UAE’S economic reboot faces an immovable deadline in 2020
Suddenly, the Arabian Gulf is awash with stimulus packages and strategies to attract foreign investment and foreign expertise to the region, and to make the lives of the expatriates living there more comfortable.
Saudi Arabia has had in place a rolling program of government-sponsored investment lures for the past couple of years, all under the banner of Vision 2030, and has an expansionary budget in place for the first time in three years.
But in the past few weeks, the UAE has taken the lead in further opening up its already pretty open economy, with a series of decrees and initiatives all intended to shift the economy into a higher gear.
Taken as a whole, the Emirates’ measures are aiming to reboot commercial and business life in the UAE just as the national economy was seemingly stuck in a rut caused by the dramatic fall in oil prices four years ago. Pursued to their logical end, they amount to a new framework for future development in the UAE.
Since the start of the holy month of Ramadan, the measures have come thick and fast. First Sheikh Mohammed bin Rashid Al-Maktoum, prime minister of the UAE and ruler of Dubai, announced a new visa regime that would give long-term residency to top investors and professions, coupled with a move to allow foreign businesses to own 100 percent of companies outside free zones.
Then, earlier this week, Sheikh Mohammed Bin Zayed Al-Nahyan, crown prince of Abu Dhabi, unveiled a $13.6 billion government spending package to create new jobs for Emirati nationals in the public and private sectors, and to co-ordinate investment in high-value technology industries. It also eased the restrictions on free zone companies that prevented them from doing government work.
In the past 24 hours, Dubai hit back in what was beginning to look like a stimulus race. Sheikh Mohammed bin Rashid Al-Maktoum, in his capacity as chairman of the Executive Council, announced a series of measures to reduce the burden on foreign companies and individuals doing business in the emirate. A swathe of aviation fees were scrapped, and real estate levies eased.
The country’s future prosperity depends more than ever on widening its appeal to foreign investors and workers
Most eye-catching of all, private schools in Dubai, which educate the children of expatriates, were forbidden from raising school fees for the next academic year. You could almost hear the whoops of delight on the morning school run.
It was a clear sign that policymakers had heard the increasingly loud complaints of foreigners about the cost of living in the UAE, and were acting.
But even while UAE policymakers were being applauded for their new expansionary mindset, the economists were explaining how it had been forced on them by the cold realities of Gulf economics.
The oil price shock of 2014 was met by a set of austerity measures, especially in Abu Dhabi where energy revenue accounts for 40 percent of GDP. Government contracts were canceled, workforces slashed and higher government levies imposed. There was a significant exodus of top foreign talent from the UAE as expat workers were laid off and the cost of living rose, inflated by the introduction of value-added tax at the beginning of this year.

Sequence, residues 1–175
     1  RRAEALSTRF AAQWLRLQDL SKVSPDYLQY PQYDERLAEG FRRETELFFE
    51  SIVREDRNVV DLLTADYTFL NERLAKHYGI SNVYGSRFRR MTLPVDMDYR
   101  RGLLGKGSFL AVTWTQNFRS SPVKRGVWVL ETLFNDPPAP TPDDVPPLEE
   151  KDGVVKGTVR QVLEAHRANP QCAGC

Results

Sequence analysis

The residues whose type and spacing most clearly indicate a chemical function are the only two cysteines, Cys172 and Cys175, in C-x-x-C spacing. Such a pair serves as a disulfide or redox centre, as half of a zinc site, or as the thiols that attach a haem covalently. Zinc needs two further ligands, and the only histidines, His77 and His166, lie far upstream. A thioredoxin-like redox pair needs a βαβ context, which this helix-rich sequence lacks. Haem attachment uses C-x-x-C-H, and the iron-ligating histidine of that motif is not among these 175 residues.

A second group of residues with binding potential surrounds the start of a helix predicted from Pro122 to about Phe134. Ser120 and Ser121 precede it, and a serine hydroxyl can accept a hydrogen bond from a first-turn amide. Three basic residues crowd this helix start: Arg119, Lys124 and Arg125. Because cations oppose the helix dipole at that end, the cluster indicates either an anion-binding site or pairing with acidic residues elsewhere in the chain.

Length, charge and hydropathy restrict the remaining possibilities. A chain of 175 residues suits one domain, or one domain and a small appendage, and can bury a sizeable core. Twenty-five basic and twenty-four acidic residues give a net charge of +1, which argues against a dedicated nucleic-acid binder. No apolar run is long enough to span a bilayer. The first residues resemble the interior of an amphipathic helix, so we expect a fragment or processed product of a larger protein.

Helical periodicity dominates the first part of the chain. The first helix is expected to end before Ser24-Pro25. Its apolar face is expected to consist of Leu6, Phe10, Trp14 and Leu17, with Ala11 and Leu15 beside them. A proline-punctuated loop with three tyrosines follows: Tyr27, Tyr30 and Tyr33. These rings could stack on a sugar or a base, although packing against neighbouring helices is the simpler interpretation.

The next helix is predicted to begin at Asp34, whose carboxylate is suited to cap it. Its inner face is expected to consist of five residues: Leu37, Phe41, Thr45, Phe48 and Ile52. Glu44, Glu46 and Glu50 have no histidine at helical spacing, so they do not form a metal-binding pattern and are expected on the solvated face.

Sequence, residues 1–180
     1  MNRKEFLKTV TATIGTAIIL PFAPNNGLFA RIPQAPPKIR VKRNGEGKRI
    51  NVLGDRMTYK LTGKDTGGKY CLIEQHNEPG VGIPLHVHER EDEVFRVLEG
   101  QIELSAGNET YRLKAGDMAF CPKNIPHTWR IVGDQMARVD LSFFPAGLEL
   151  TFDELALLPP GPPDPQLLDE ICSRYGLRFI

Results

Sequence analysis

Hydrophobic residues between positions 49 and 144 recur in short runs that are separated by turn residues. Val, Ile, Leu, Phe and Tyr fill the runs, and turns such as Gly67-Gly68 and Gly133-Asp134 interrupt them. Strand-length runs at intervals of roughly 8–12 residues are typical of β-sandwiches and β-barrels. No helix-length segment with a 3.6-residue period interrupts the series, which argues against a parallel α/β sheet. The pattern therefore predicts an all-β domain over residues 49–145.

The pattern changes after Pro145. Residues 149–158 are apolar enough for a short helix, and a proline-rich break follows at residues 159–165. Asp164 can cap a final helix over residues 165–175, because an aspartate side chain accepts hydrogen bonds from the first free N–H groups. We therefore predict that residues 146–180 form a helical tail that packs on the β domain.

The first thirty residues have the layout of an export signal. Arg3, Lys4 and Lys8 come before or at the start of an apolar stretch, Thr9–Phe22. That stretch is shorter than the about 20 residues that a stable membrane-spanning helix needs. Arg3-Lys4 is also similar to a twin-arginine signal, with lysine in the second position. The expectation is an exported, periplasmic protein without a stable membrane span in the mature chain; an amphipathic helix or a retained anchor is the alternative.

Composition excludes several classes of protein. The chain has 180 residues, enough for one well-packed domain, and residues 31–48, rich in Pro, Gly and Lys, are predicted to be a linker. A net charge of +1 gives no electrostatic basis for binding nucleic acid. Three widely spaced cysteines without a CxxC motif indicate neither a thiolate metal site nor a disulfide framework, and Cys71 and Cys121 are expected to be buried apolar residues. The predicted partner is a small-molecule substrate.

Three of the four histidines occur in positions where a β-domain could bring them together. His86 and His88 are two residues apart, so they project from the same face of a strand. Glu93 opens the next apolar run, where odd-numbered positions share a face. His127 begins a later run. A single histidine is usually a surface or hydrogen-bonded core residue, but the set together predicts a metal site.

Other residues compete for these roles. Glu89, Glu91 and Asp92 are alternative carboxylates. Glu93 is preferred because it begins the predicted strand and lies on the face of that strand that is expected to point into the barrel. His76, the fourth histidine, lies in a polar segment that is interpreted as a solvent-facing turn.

Even the IMF — usually a fan of austerity and tax — said that the axe-swinging had gone too far, and was endangering future growth. In particular, the non-oil economy was stuck in a rut of low growth that put all the plans for diversification at risk.
The recovery in oil prices has given UAE policymakers the flexibility to ease up on austerity, for sure, but it also appears to be a wider recognition that the country’s future prosperity depends more than ever on widening its appeal to foreign investors and workers.
The ruler of Dubai recently summoned a top-level gathering of Emirati and expat business leaders to a brain-storming session at one of his residences, where, according to participants, he heard that there were serious concerns about the continuing competitiveness of the UAE economy, especially in comparison to other hubs. He obviously took those concerns to heart.
One sign is that there is an unusual urgency to the new measures. The ten-year visa and 100 percent ownership plans are due before the end of the year; the Abu Dhabi stimulus will be allocated within 90 days; school fees are frozen with immediate effect.
Will the new initiatives have the desired effect quickly enough?
The UAE is on an immovable deadline. In two years it has to be ready to stage the Expo 2020 global business exhibition, with all the completed infrastructure — roads, transport systems, hotels, real estate — to accommodate the biggest influx of visitors, some 20 million people over six months, it has ever seen. That will be the real test of the UAE’s rebooted economy.
- Frank Kane is an award-winning business journalist based in Dubai. Twitter: @frankkanedubai.